Before and after: the games that changed during development

Team ICO’s enchanting adventure wasn’t always about a man, consumed by solitude and regret, murdering monsters. No, it used to be an enchanting adventure about several men, consumed by several times as much solitude and regret, murdering monsters. Below you'll see how the game originally known as Nico subtly evolved into one of PS2's most beloved titles.

The most respected survival horror game in history went through more transformations than William Birkin in Resi 2. It originally started life as a high flying, John Woo-esque action game. Considered too big a departure from previous games, the project eventually morphed into Devil May Cry.

Above: Early versions of the game maintained the series' locked camera views

After this, Capcom went in a similar direction to the Silent Hill games, with screens showing Leon fighting his way through misty surroundings and even a mysterious airship. This was again cut with Doctor Salvador savagery, and the company quietly canned this version.

Above: Old hook hand isn't exactly El Gigante, is he?

The final iteration of the game, before it turned into the over the shoulder scarefest we all know and love, featured Leon in a haunted house. We’re glad this version didn’t survive. As much as we love derivative haunted houses and shitty enemies who look like cast-offs from I Know What You Did Last Summer, we think we’ll stick with decapitating Los Illuminados.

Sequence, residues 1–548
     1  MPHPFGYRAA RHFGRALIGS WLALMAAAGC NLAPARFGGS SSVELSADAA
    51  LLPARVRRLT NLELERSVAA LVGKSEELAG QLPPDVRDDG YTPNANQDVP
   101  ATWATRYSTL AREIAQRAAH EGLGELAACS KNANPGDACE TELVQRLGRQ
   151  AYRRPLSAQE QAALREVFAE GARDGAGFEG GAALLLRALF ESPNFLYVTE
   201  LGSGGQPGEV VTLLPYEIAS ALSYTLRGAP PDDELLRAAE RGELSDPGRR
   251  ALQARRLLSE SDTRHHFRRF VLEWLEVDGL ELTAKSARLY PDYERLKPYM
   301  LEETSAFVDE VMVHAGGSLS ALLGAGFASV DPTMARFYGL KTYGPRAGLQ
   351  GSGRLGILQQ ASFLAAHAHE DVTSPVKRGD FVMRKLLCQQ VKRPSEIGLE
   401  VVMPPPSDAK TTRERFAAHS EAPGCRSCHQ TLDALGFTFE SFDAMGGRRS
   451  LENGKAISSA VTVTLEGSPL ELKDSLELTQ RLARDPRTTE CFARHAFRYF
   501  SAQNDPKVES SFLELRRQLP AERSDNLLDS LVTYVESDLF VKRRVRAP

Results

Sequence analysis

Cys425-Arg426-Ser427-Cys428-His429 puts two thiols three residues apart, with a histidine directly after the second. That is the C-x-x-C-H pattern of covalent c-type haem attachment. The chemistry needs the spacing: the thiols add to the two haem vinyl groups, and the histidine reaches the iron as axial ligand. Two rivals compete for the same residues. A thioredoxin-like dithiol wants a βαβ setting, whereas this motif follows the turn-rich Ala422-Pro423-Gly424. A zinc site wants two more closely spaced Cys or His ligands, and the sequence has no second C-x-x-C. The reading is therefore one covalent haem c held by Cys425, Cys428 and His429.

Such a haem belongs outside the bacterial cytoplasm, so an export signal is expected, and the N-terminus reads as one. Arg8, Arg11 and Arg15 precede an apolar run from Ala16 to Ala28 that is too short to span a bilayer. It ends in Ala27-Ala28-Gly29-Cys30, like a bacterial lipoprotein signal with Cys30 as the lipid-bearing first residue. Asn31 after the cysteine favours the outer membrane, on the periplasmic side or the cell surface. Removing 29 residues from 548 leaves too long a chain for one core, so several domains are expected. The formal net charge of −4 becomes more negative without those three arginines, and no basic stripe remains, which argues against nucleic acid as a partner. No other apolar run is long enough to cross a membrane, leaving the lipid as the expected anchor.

Or ‘the game that used to be Dinosaur Planet before bizarrely having the Star Fox license pasted on top of it five minutes before going gold’. Originally set for the N64, Rare’s new IP was an adventure game in the mould of Zelda. After seeing the British developers’ designs for the leading characters, though, Miyamoto decided they looked so similar to Fox McCloud that the project should be changed to include our least favourite team of animal intergalactic pilots.

Above: The game’s original lead, Sabre, (top) was transformed into Fox

The newly named Star Fox Adventures shared many similarities with the original title; so much so, many fans complained the game’s universe felt completely out of synch with the Fox’s mythology. Sadly, for all those moaners, it would be Rare’s last game made exclusively on a Nintendo console. The company jumped in bed with Bill and his money-stuffed mattress in 2002, developing games only for the Xbox and 360 ever since.

Bungie’s first entry into their epic sci-fi FPS franchise had very little to do with headshots, plasma grenades or teabagging. No, it first started life as an RTS known as Blam! Sounding like something you’d associate with Adam West punching campy villains in Batman, the project had a short shelf-life.

The game soon made the transition from tactical top down fare to a third person shooter at E3 1999. This didn’t last long either and soon the game was an FPS and the rest is history.

June 15, 2009

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